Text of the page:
One fine day, we were all confident to release our beta product for the public. Oh my, how I had waited for months for this day and our team made sure everything worked perfectly. We were so engrossed developing and ‘perfecting’ our product that we did not think about how we would market it and how would people get to know about us. There are hundreds of services that are released each day, and it is one of the toughest tasks to make your customer aware of your offerings. We learned this late and had to act fast. It is really frustrating to see no one using your platform which you built for months.

The homework. From day one we knew that we were targeting a very niche market and reaching out to them would be a problem. From childhood, we use Google searches and we trust them, hence we thought this medium to be a good way to reach people who would benefit from our product. We invested a lot of time on SEO, learning it from scratch, talking to a lot of experts and focusing on developing new content. SEO does not yield instant results, but down the line, we were proud of our work in this field. And another benefit of this was that I learned the other interesting tools from Google Business; from Keyword planner to Google Analytics which we used intensively later on.

Our first money. Networking was a key for us, and I loved doing that. One good insight which I got from a few was in the art to bootstrap and to think of alternate ways to earn money while your cofounder is busy building the product. We were good in web development and Jodhpur being a good tourist spot, we knew that hotels would be a good target. After approaching tens of hotels and even meeting a few, we finally cracked a good deal to build websites for their group of hotels; the IIT tag helped us for the first time. This was my first successful sales pitch, yeah!! Apart from that, events and bplan competitions helped us get the initial money for the servers and save for marketing.

“Growth Hacking is more of a mindset than a toolkit”

Aaron Ginn

The gig. A good, quality outreach for a low investment is what we needed, in fact, this is what each and every startup dream of. Achyut came up with this superb idea of sending entrepreneurs in Bangalore (choosing the location wasn’t difficult) a breakfast with a greeting card from Startify. This had two major objectives, firstly we wanted good entrepreneurs to come on board and help the startups registered on Startify and secondly, a tweet from the entrepreneurs about Startify would give us the targeted outreach we required. This is a feel good thing for them and we hoped they would tweet about it, or at least reply to our tweets. With a budget of a few thousand for this experiment, we started our hunt for a food delivery startup who we could partner with. This would be a good marketing gig for them too, so we were expecting heavy discounts. Brekkie was the perfect match and was happy to experiment something as weird as this. The next task was to shortlist 50-60 startups to send this breakfast to. This being our first paid marketing attempt, we were as excited as Brekkie was to deliver those packets after a lot of discussion on how everything would turn up. Till date, this has been the most impactful and efficient marketing we have done.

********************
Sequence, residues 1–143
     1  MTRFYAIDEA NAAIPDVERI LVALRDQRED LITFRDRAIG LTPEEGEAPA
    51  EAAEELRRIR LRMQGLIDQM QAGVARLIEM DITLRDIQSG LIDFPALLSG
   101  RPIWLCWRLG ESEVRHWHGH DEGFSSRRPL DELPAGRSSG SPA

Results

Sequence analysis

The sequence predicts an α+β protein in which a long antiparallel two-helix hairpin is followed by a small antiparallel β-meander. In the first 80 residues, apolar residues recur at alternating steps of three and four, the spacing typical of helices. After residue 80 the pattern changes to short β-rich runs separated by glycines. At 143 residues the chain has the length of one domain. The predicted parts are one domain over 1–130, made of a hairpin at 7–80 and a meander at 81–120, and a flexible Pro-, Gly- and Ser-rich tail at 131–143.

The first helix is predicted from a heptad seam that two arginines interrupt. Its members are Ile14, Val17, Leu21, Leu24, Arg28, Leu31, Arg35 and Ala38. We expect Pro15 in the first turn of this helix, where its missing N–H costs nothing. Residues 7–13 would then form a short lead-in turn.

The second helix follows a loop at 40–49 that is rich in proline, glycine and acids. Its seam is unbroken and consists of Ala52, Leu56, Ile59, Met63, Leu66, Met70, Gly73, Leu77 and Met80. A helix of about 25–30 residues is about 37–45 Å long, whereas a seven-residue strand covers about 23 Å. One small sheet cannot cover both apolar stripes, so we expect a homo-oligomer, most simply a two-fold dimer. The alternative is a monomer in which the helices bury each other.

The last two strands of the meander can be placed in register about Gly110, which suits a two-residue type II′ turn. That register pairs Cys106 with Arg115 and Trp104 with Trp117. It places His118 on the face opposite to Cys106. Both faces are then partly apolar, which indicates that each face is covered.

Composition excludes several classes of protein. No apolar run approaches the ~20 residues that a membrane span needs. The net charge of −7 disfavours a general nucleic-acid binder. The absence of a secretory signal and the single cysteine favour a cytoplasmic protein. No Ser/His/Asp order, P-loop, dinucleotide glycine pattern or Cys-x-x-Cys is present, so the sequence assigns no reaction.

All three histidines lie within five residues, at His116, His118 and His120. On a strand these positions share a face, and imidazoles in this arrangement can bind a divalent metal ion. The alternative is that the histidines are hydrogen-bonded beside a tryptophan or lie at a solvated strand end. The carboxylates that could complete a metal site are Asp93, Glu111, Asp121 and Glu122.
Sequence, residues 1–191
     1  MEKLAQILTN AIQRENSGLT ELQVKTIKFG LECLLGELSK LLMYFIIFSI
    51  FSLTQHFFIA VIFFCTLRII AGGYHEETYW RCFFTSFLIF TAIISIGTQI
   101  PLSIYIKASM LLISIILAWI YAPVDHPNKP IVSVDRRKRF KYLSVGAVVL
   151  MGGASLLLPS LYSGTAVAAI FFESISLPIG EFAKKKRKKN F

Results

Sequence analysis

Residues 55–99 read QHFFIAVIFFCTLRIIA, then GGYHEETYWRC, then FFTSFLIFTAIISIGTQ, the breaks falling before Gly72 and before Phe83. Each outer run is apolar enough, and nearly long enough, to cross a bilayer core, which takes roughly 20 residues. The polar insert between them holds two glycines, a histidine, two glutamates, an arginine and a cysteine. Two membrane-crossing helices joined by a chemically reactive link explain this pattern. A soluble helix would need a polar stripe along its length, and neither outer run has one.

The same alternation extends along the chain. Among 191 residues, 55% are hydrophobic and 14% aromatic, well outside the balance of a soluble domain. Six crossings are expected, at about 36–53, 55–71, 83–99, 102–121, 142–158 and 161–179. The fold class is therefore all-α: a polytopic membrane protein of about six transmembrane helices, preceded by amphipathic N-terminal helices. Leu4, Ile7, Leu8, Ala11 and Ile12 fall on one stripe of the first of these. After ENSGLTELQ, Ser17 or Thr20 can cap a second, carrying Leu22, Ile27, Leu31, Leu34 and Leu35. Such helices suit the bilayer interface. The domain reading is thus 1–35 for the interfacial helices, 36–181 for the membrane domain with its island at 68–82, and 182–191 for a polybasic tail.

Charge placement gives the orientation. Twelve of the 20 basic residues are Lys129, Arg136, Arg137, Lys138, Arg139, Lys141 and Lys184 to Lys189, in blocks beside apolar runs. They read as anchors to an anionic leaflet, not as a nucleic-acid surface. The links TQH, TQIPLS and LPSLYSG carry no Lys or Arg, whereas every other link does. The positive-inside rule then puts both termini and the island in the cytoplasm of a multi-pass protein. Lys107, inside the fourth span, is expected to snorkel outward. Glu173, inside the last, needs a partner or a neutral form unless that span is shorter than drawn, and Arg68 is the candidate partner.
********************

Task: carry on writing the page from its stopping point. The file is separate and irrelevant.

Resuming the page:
Scaling up. Social media marketing, Google Adsense, and the small marketing gigs were all productive up to a certain level. But, we had to devise a better strategy to have a better conversion rate. We had a few paying customers, and our brand awareness was decent in the startup ecosystem but that wasn’t what made us satisfied; we wanted to reach out to more budding entrepreneurs and help them. For marketing, we needed some manpower, a few creative people who could spread the word on social media, do some research to give insights about companies whom we could partner with and people who could develop content for us. We hired a bunch of interns from Delhi University and developed an 8-week program for them. The 15+ interns gave us the much-needed boost, and it was a successful campaign with a few ups and downs. This was the first time I realized how difficult hiring is, but at the same time how exciting it is to interview people who are willing to work for us.

Handshakes. One of the interns had suggested sponsoring business plan competitions and it did turn out to be a great suggestion. Being college students ourselves and being part of the organizing team of the annual fests, we had stopped believing in event sponsorship. But, business plan competition participants were our customers and it made sense to reach out to them. We were lucky to be able to partner with Asia’s largest B-Plan competition, Eureka, IIT Bombay because of which we were flooded with partnership proposals from all around the country. We did not have the resources for monetary sponsorship so we used to give our premium plan for free to the bplan competition winners; this was a win-win for both. Moreover, Eureka still uses our platform to conduct the Asia’s largest B-Plan competition. Apart from colleges, we partnered with various event managers, companies, and even conducted events with BYST, CII under Govt. of Assam.

The feeling to build something from the scratch and to see people make use of that is priceless and addictive! It forces us to go beyond our creative limits and think of ways to get shit done!

Online media coverage: Interview: Stars of Startups, Acquisition: inc42

Links: Startify , Brekkie
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